The Global Fund to Fight AIDS, Tuberculosis, and Malaria: Expertise, Accountability, and the Depoliticisation of Global Health Governance

  • Amy Barnes
  • Garrett Wallace Brown
Part of the International Political Economy Series book series (IPES)


During his tenure as the Executive Director of the Global Fund to Fight AIDS, Tuberculosis, and Malaria (hereafter the Global Fund), Richard Feachem argued that the autonomous, multisectoral, and technically focused design of the Global Fund is ‘really insulated … from the political dynamic, which inevitably and appropriately permeates the UN. We are a very apolitical organization … we’ve been able to take principled and technical decisions … because we’re not subject to the political influences that would come to bear in the UN’ (Feachem, 2005). This is a notable quote, for it not only draws attention to the potential apolitical merits of the multisectoral Global Fund but also criticises the ‘politicisation’ of multilateral forms of global health governance. Charges of politicisation have been levelled at the UN throughout much of the organisation’s history, and there are two commonly cited examples from the arena of global health. First, it is common practice for wealthy nations to withhold financial contributions to bodies such as the WHO and UNICEF in order to manipulate policy priorities for their own interests (Brown et al., 2006; Godlee, 1994; Walt, 1993; Walt and Buse, 2006). Secondly, there is a history of competition and conflict between the multilateral health agencies over their relative authority, influence, and leadership in global health (Brown et al., 2006, pp. 67–68; Walt, 1993; Walt and Buse, 2006, pp. 661–664). Though a contested concept, the term ‘politicisation’ implies a pejorative influence of politics (Siddiqi, 1995, pp. 30–34) through which power and wealth has corrupted and colonised decision-making, thus leaving a multilateral system of governance that is unrepresentative of the global community; inefficient and ineffective in responding to collective action problems; and also lacking in both credibility and legitimacy (Brown, 2010; Ghebali, 1985).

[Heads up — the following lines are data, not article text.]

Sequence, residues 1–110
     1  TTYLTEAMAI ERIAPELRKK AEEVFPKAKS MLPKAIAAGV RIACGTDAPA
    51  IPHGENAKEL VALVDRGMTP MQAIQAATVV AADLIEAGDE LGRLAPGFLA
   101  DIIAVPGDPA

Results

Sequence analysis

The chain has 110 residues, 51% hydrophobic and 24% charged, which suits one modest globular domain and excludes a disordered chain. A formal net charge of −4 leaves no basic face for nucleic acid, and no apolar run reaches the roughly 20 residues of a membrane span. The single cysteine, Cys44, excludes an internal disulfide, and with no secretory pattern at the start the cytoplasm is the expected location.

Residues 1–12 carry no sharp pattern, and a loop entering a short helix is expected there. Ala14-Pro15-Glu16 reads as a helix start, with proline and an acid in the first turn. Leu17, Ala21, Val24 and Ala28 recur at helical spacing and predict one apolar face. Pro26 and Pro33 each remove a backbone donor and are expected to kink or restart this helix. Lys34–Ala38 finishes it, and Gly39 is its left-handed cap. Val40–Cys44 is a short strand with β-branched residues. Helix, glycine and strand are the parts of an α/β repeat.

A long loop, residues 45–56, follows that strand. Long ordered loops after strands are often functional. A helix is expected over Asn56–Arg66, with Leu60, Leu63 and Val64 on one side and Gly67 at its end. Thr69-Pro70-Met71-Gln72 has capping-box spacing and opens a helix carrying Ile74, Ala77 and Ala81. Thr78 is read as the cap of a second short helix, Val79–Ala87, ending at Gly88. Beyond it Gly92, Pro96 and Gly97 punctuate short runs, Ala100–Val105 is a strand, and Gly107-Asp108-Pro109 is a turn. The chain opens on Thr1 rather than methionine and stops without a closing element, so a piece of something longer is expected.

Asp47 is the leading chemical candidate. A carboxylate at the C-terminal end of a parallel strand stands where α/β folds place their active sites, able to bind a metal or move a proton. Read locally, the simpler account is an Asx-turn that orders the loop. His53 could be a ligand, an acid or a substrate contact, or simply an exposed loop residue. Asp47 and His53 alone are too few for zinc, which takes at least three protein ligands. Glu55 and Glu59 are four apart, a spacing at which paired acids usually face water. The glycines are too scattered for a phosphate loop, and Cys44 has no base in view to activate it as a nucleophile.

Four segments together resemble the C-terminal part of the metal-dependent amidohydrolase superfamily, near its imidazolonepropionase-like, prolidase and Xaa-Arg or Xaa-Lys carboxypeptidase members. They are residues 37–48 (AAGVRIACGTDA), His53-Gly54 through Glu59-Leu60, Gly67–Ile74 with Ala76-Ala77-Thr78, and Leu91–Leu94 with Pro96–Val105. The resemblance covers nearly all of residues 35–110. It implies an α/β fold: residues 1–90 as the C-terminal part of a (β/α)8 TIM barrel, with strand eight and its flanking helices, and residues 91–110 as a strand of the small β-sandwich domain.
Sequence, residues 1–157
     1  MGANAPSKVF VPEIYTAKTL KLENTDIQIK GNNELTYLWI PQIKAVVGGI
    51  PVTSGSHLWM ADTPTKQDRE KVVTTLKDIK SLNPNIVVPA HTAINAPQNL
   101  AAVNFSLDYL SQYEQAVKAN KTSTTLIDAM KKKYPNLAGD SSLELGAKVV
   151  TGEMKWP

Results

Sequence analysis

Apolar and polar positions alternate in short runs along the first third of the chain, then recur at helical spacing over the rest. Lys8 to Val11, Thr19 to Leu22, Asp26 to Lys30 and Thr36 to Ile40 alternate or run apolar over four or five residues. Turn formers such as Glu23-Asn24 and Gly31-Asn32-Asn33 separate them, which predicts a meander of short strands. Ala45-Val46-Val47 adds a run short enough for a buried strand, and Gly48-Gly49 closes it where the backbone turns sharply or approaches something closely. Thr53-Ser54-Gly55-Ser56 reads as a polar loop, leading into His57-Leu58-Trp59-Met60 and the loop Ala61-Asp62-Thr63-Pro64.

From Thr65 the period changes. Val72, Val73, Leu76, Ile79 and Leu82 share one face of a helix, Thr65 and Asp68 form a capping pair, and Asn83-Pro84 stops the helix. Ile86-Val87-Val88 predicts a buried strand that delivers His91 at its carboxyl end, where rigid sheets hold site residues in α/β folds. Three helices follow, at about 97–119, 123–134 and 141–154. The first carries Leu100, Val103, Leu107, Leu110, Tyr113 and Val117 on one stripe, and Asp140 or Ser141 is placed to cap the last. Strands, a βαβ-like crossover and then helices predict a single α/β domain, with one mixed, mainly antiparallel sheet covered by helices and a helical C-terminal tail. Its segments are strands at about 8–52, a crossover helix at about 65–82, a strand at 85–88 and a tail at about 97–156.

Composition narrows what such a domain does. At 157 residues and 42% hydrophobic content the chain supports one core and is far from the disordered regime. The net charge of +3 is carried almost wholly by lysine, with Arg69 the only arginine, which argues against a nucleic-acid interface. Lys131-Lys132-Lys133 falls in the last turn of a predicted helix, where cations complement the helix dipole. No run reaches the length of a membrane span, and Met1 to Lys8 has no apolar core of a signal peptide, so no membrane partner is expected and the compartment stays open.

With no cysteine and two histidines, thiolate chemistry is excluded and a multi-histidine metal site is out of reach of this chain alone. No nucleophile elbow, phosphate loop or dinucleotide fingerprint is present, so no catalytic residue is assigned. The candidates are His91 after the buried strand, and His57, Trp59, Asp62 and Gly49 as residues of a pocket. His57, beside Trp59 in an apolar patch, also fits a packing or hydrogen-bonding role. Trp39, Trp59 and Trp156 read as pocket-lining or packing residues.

Global Health Global Fund Donor Country Collective Action Problem Global Health Initiative 
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© Amy Barnes and Garrett Wallace Brown 2011

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  • Amy Barnes
  • Garrett Wallace Brown

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